Guest opinion: The time is now to act on housing for seniors |

Guest opinion: The time is now to act on housing for seniors

Cheryl Soshnik
Park City Senior Center board member

Senior housing is not a new topic in Park City. I have heard the questions for at least 20 years: What is available for our valuable residents, the past movers and shakers of this city who no longer wish to, or no longer are able to, age in place in their larger family homes but want to remain in Park City? Where is that smaller single-level home, maybe one where other seniors are nearby for socialization, help and support? Or what if we need a little help … maybe not now, but down the road? Is there a continuum of care facility in town, so that we can still be near our family and friends as we decline in our older years? The answer is none in Park City proper, and one small assisted-living facility on Highland Drive. The need for more senior housing of many levels greatly outweighs the current availability.

Yes, there is a dire need for workforce housing, and that need has taken center stage in talks and plans for future development. But we can’t promote one population at the expense of another marginalized group. Senior housing must take equal priority. The voices and petitions of the seniors, and those who will eventually become seniors who want to remain in the community, have too long been ignored.

The Senior Center has had its home on Woodside Avenue since 1976. The city has plans to build housing on the surrounding property, called Woodside Phase II. One plan to consider is incorporating a Senior Center and a senior living facility of some sort into the project. As the city recently said, “Land is our most valuable asset.” This piece of property is perfectly situated for a senior housing project included with the planned affordable and market-level housing. I was dismayed to read that at that same City Council meeting that the city is considering selling off some of this valuable parcel to private developers before considering every way it could be used to further our own housing needs.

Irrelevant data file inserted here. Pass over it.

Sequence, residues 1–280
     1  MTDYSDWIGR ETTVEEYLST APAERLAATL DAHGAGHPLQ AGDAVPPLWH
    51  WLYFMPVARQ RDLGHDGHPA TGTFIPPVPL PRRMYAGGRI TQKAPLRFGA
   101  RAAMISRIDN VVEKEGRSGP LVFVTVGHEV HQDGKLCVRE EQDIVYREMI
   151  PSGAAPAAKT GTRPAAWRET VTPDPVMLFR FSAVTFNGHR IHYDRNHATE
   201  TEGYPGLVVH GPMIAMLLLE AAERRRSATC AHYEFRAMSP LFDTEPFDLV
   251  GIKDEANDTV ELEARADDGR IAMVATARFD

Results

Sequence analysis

But that’s just one idea. What other locations and senior housing types could be located in the city limits or within western Summit County? Is there a possibility of a public-private partnership for a continuum of care facility? What grants are available for this type of housing? What levels of senior housing are most important to you, independent, assisted, or continuum of care? How large should the units be? Should they be rentals or owned units? Is it best for you to build affordable, restricted or market-rate units? Let’s hear from all of our citizens and come up with specific ideas for the city and county.

Park City Senior Citizens, in cooperation with Park City Municipal Corporation, has set up an input meeting scheduled for Friday, Dec. 3 in the Community Room of the Park City Library, from 1 to 2:30 p.m. We would like to see a variety of participants in attendance: developers, governments and residents of all ages. The city is listening, and hopefully the county will join in the conversation as well. Now is the time to have our voices heard.

As Dar Williams explained in her talk at a Park City Institute presentation and the accompanying book titled “What I Found in A Thousand Towns,” a healthy community depends on a vibrant, active senior presence. Let’s work together to keep local housing for our valuable aging senior citizens.

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